What Google must continue to pursue as it invests in Machine Learning to generate process improvements are adjustments which add value to the users of the product first, and to the strength of its advertising algorithm second. While its revenue is dependent upon success in an increasingly competitive market for online advertising[xii], the strength of its business relies on the ability of its core products to attract users and drive engagement.
For Gmail specifically, Google should continue its pursuit of product improvements which make sifting through email less of a chore, such as filtering out promotions and spam, additional improvements to Smart Reply and Smart Compose, or drawing users attention to messages he or she will likely want to prioritize. Machine Learning should continue to be helpful across these dimensions.
Outlook: open question
The most important open question for Google in its investment in and application of Machine Learning is: How can it ensure that the capabilities it builds are sufficiently transferable across products to justify the investment?
As we reflect on IBM Watson, we see an example of an organization and technology which requires meaningful rework and additional investment with each new application[xiii]; this appears to be a significant and potentially expensive risk of these investments.
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[i] Litmus: Market Share of the most used email clients as of December 2017, via Statista, accessed November 2018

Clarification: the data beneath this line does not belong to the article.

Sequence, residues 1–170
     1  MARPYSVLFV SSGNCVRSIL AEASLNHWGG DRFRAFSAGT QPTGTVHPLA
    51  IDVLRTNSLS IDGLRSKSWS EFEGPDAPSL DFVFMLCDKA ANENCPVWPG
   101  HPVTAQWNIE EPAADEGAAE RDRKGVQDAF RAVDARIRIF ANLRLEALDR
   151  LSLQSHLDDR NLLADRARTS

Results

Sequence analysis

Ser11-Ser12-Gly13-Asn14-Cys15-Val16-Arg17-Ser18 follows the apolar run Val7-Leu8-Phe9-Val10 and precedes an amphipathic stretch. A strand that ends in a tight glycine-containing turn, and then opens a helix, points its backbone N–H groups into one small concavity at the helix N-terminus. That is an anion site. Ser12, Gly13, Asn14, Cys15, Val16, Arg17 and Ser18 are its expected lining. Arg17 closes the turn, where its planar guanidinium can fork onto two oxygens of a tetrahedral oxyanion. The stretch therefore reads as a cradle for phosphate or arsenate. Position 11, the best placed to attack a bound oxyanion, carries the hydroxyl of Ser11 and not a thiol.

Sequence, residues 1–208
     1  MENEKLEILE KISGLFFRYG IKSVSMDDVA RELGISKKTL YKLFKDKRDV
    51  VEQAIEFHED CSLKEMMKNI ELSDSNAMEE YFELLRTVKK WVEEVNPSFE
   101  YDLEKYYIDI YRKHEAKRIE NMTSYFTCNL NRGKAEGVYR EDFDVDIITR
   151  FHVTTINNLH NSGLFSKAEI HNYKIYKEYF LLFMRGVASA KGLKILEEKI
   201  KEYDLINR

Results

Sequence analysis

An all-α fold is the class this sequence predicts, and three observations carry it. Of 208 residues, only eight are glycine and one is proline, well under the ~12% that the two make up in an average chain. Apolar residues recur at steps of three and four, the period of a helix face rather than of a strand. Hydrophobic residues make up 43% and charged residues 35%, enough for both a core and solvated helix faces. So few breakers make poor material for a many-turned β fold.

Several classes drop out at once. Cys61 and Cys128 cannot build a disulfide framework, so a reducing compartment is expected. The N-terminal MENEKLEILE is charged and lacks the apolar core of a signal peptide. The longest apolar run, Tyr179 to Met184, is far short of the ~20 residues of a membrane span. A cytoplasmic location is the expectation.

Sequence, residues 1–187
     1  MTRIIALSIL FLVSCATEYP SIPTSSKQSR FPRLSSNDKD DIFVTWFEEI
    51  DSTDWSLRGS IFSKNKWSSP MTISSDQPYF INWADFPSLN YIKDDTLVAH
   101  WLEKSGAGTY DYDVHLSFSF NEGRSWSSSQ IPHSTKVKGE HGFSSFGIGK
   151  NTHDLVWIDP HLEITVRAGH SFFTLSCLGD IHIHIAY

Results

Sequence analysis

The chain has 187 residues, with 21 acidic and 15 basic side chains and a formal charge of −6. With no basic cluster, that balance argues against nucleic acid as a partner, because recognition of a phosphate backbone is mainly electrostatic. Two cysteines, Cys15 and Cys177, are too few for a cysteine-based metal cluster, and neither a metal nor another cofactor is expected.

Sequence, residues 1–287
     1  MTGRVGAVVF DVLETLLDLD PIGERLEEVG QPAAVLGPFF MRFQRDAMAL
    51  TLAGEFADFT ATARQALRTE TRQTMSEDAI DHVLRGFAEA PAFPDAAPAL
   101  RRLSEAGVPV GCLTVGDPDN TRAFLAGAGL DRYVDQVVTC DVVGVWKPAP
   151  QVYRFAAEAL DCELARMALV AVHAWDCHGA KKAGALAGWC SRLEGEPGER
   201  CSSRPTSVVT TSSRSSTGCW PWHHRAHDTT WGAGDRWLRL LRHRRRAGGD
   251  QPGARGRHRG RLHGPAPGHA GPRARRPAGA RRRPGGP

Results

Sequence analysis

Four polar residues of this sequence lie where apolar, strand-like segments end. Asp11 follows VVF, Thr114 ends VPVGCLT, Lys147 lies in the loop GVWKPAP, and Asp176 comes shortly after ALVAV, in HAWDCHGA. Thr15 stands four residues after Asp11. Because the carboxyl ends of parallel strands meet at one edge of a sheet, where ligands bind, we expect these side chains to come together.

[ii] Anthony Carcz, “Google’s New Gmail Is the Best Thing To Happen To Email Since the Old Gmail,” Forbes, April 25, 2018, https://www.forbes.com/sites/anthonykarcz/2018/04/25/googles-new-gmail-is-the-best-thing-to-happen-to-email-since-the-old-gmail/#7510cd854477, accessed November 2018
[iv] “Google Strategy Teardown: Google Is Turning Itself Into An AI Company As It Seeks To Win New Markets Like Cloud And Transportation,” CB Insights (August 2018), CB Insights, https://app-cbinsights-com.prd2.ezproxy-prod.hbs.edu/research/report/google-strategy-teardown#ai
[v] Google, “Save time with Smart Reply in Gmail,” https://blog.google/products/gmail/save-time-with-smart-reply-in-gmail/, accessed November 2018
[vi] Google, “SUBJECT: Write emails faster with Smart Compose in Gmail,” https://www.blog.google/products/gmail/subject-write-emails-faster-smart-compose-gmail/?_ga=2.67287953.1073448467.1542036234-1210834642.1542036234, accessed November 2018
[vii] “The Race For AI: Google, Intel, Apple In A Rush To Grab Artificial Intelligence Startups,” CB Insights (February 2018), CB Insights, https://www.cbinsights.com/research/top-acquirers-ai-startups-ma-timeline/
[viii] “Google Strategy Teardown: Google Is Turning Itself Into An AI Company As It Seeks To Win New Markets Like Cloud And Transportation,” CB Insights (August 2018), CB Insights, https://app-cbinsights-com.prd2.ezproxy-prod.hbs.edu/research/report/google-strategy-teardown#ai
[xi] John Koetsier, “AI Assistants Ranked: Google’s Smartest, Alexa’s Catching Up, Cortana Surprises, Siri Falls Behind,” Forbes, April 24, 2018, https://www.forbes.com/sites/johnkoetsier/2018/04/24/ai-assistants-ranked-googles-smartest-alexas-catching-up-cortana-surprises-siri-falls-behind/#7be60c29492a, accessed November 2018
[xii] EMarketer Editors, “Data Suggests Surprising Shift: Duopoly Not All-Powerful,” eMarketer Pro (March 2018), eMarketer, https://content-na1.emarketer.com/google-and-facebook-s-digital-dominance-fading-as-rivals-share-grows
[xiii] Willy Shih, “Data Suggests Surprising Shift: Duopoly Not All-Powerful,” HBS No. 9-616-025 (Boston: Harvard Business School Publishing, 2016)